Sunday, 5 March 2017

Fwd: Jardines de la Maria - Final Pictures

These are the final publicity photos of our apartment - now ready for letting - hopefully!!
---------- Forwarded message ----------
From: Carlos Sandoval <>
Date: 3 March 2017 at 08:29
Subject: RE: Jardines de la Maria - Final Pictures
To: Rich Holman <>, James Donald <>
Cc:, sara <>

Hi James,


We finally got the edited pictures of the apartment. You can find them on the link below:


We think the unit turned out amazing, now it is ready to be marketed by the rental department.


I'll put you in contact with them on another email later today, so they can start discussing with you the rental rate, occupancy policies, rental agreement, and more details.


Any comments please let us know


Best regards,

Carlos Sandoval

Design-Build Services Director

Mobile: (+57) 301 670 1256
Office: (574) 604 4991 Ext. 111
US: 954-363-1169

Headquarters: Calle 10 #42 - 28,
Global Express Travel & Business Center


De: Rich Holman []
Enviado el: miércoles, 01 de marzo de 2017 4:22 p. m.
Para: 'James Donald'
CC: 'Carlos Sandos';; 'sara'
Asunto: RE: Jardines de la Maria




Carlos has to assist with the photos and progress so he is copied above.


Since brick does not burn, your building exterior is covered by insurance under the HOA dues, that you have 24 hour security to protect from theft, that we collect and maintain security deposits from renters and have not had any serious damage problems in ten years and that this is not a litigious society and nobody sues here like the US, I would say skip the insurance. 99%+ of our clients do not carry it.


But we can look for an insurance broker for you if you wish to pursue. Let us know and I will try to find one.



Rich Holman

Founder/Director of Institutional and Residential Sales

Mobile: (+57) 314 863 0621
Office: (574) 604 4991
US: 954-363-1169

Headquarters: Calle 10 #42 - 28,
Global Express Travel & Business Center


From: James Donald []
Sent: Wednesday, March 1, 2017 4:12 PM
Subject: Jardines de la Maria


Good afternoon Rich,

We seem to be experiencing delays again with communication. We are currently awaiting the final photographs of the finished and furnished apartment. Apparently the photos should have been finished a couple of days ago.

And we have enquired (again) about insurance of the apartment contents - especially in the context of it being let. The enquiry has apparently been referred to Colombia Legal Partners but we recall some months ago we asked them the same question and they were unable to help.

Surely there would be insurance companies who would offer that cover?

If you could assist with these enquiries, that would be most appreciated.


Jim Donald and Jean Tallentire




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Saturday, 11 February 2017

Langkawi leaving and NZ sojourn - beginning

Hi to all,
We have been sanding and re-varnishing our port caprail - the starboard one and the bulwarks will have to wait until we return early in April.
After Penang, Langkawi is a most welcome slower pace of life - especially when driving!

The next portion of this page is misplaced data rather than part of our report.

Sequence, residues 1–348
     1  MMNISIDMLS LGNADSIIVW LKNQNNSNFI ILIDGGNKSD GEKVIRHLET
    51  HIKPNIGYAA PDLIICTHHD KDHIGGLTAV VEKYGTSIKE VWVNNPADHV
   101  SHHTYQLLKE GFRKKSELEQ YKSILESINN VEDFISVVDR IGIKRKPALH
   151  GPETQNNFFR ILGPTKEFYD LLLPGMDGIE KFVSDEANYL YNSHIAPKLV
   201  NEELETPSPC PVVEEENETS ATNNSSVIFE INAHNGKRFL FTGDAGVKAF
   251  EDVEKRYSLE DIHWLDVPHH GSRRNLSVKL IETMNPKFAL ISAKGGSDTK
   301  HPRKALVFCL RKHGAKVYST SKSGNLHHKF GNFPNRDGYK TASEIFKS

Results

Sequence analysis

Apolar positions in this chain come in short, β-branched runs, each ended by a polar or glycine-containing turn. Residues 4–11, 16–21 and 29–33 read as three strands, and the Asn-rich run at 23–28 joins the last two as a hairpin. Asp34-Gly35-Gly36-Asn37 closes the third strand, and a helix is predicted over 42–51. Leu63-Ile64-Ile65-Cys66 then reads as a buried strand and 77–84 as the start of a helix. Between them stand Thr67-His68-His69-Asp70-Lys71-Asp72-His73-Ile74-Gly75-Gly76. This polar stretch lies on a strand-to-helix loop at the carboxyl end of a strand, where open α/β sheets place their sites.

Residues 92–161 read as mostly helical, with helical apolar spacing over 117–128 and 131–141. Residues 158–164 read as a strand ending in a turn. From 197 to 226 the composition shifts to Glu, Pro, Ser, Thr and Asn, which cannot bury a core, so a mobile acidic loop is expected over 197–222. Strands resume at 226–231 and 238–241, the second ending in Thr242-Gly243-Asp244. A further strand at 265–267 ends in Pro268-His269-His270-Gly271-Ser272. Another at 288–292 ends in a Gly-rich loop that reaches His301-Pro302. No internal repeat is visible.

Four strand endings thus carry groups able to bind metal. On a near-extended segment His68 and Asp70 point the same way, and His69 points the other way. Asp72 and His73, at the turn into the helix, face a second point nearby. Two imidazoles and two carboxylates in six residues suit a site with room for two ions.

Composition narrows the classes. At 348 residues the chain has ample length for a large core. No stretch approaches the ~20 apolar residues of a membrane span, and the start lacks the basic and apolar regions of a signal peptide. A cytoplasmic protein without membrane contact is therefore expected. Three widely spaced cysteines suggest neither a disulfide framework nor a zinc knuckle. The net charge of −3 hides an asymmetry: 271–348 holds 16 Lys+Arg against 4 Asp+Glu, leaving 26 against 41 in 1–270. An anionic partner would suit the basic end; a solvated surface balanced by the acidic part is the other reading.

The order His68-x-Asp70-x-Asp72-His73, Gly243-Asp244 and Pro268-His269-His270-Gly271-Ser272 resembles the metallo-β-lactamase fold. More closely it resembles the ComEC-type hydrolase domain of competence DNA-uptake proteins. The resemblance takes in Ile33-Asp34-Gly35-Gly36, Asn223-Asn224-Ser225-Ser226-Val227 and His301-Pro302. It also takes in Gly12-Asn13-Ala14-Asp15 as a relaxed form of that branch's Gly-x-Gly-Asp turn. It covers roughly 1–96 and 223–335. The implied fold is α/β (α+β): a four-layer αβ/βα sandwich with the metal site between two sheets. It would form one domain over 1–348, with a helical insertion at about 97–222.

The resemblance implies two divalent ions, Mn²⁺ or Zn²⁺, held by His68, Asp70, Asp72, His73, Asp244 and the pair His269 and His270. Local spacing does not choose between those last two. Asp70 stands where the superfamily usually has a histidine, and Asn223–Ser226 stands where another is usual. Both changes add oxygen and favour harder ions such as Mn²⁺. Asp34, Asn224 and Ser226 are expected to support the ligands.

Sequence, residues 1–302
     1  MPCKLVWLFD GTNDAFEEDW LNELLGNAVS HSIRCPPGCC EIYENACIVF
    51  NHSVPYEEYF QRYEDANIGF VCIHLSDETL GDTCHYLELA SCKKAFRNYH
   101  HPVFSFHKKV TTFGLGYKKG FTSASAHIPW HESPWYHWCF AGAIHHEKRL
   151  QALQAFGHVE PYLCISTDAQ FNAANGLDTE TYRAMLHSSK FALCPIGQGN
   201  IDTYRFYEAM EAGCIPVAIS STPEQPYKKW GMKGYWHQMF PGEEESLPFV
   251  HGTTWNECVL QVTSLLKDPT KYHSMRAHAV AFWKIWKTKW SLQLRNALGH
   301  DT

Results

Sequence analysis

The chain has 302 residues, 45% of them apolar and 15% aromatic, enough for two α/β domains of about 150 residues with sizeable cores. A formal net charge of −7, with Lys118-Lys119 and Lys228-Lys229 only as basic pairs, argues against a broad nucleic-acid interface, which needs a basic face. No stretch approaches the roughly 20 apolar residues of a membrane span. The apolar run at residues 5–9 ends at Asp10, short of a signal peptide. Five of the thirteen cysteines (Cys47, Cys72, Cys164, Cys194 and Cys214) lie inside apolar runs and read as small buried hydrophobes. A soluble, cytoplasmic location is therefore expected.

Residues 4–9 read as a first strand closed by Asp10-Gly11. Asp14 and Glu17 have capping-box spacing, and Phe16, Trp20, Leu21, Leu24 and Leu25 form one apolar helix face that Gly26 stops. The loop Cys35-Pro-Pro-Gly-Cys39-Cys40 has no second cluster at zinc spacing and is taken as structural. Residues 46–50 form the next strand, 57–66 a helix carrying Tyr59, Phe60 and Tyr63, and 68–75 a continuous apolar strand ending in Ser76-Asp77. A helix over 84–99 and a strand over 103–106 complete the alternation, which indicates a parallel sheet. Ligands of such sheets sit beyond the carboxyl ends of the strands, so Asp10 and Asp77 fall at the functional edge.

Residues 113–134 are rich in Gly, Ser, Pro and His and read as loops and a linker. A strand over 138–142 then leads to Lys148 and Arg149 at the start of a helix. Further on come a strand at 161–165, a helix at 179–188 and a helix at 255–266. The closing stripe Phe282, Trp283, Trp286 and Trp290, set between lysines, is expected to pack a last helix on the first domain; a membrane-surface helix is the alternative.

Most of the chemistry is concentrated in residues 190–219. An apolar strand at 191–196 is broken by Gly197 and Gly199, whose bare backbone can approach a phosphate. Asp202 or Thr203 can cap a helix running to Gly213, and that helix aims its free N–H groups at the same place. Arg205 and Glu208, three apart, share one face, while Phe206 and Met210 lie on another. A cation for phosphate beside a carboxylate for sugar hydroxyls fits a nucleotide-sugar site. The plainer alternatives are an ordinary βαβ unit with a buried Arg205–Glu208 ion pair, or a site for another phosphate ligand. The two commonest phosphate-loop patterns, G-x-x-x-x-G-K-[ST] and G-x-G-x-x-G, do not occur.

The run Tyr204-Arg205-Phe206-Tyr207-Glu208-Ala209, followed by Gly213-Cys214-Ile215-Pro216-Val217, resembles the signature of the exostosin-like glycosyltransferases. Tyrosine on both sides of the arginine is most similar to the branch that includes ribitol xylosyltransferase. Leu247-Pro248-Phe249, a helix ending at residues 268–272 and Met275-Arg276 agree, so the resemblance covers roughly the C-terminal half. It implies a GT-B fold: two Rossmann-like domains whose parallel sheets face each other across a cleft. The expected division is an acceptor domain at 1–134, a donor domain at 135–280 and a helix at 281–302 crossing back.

It was Jim's 70th. on the 27th. - not sure whether that's something to celebrate or not! Guess it must be though to have achieved the 3 score and 10. We had a very pleasant dinner with Lorraine and Graham of "Lorrigray" to mark the occasion at the Fat Frog.
Apart from all that we were preparing the old girl to be left for 2 months and packing. We had purchased 2 large suitcases before we went to Penang to hold small items we have removed from the boat pending its sale.
They finished up weighing around 28 kilos each and so when we booked our flights to NZ on Air Asia, we had to buy 30kgs of checked baggage each. Meanwhile, the cases had stayed in storage on Langkawi.
Our other focus has been the on-going redecoration and furnishing of the Medellin apartment, which has been frustratingly slow. However, the end is in sight with final furniture selection and agreeing colours for "feature walls"!! Maybe we'll earn some rental income yet!!
All that has to happen is for the old girl to be sold, ideally to a younger couple who wish to take her on her next adventure. And then we'll be living the Medellin lifestyle.
We left the marina by taxi around midday on Feb. 1st. so that we could collect the aforementioned cases before the customs agent went to lunch and carried on to the airport where we were early for our 1745 flight to Kuala Lumpur. We had no problem booking all the way to Auckland via KL and Coolangata. We'd also bought bulkhead seats and meals so we were probably as comfortable as you can be in Economy.
Then 3 hours on the ground at KL followed by 8 hours to Coolangata. 1 hour on the ground there and we had to vacate the aircraft with all our carry-on bags. Unbelievably we had to go through a stringent security check after having endured 3 of those since Langkawi!  Even though we were merely in transit. The Aussies are like the US - paranoid. Still, we managed to have a couple of toasted ham and cheese sandwiches, which was a rare treat after the pork drought in Muslim Malaysia. Then off again to Auckland where we arrived at 1700. Our checked through bags did arrive which was a relief and then we got NZ SIM cards for our phones and another for our internet device. Then Supershuttle to Pt. Chevalier where we were to collect Perry and Tracie's car from Tracie's sister and brother-in-law. Deborah was away on business but we met Steve and after a pleasant conversation, headed north on SH16 for Wellsford.